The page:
I’ve never had jobs where I had to deal with sit-ins and protesters using bullhorns, but I expect many of us have had jobs where we were the minimum-wage workers who had to deal with the red-faced customers who were angry about a decision we didn’t make.  And if you’ve had such a job, you suspect you know exactly what Zack was thinking at the moment the above photo was taken:  he’s thinking that the pay he’s getting just isn’t worth it, he’s wondering how long it is until his shift ends, and he’s trying to get to his mental happy place.  We’ve all been there.

And it also makes you wonder:  wouldn’t it be interesting to see how CEOs and high-level executives would deal with the bullhorn scenario?

The Ever-Present Direct Government Payment Solution

Yesterday I saw an article that I think capsulizes what has gone wrong with the direction of our country.  The article reported that Senator Elizabeth Warren, that darling of the progressives, wants to send every senior citizen in the country a check for $580.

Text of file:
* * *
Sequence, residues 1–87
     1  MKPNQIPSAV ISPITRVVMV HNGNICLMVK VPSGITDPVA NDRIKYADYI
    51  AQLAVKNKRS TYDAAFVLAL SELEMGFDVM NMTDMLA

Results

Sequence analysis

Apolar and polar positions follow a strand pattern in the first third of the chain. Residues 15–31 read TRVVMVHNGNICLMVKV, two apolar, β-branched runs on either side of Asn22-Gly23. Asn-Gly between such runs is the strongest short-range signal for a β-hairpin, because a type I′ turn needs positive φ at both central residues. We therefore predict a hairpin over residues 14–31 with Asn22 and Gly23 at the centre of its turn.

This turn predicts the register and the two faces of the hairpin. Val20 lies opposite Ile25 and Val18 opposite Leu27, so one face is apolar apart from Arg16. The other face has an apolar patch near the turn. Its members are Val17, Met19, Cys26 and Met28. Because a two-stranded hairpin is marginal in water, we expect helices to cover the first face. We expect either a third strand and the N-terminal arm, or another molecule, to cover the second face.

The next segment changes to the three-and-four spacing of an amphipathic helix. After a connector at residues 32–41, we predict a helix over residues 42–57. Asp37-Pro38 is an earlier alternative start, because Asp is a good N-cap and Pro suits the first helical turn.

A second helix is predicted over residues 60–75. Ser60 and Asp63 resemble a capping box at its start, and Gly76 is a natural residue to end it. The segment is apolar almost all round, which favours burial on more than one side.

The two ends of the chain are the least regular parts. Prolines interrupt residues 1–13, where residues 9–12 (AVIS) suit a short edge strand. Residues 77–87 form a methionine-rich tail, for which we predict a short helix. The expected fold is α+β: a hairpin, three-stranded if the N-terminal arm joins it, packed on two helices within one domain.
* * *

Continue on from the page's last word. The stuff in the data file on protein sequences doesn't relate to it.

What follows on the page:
Why?  These days, I’m not sure that there actually needs to be a reason for a politician to propose a direct government payment to some constituency or another, but the stated reason is that Senator Warren believes the payment is needed because the cost of living for Social Security recipients increased last year.  Social Security benefit payments already are indexed to inflation, of course, but this year the formula that calculates the cost of living indicated there should be no increase.  So why do we need to make a $580 payment?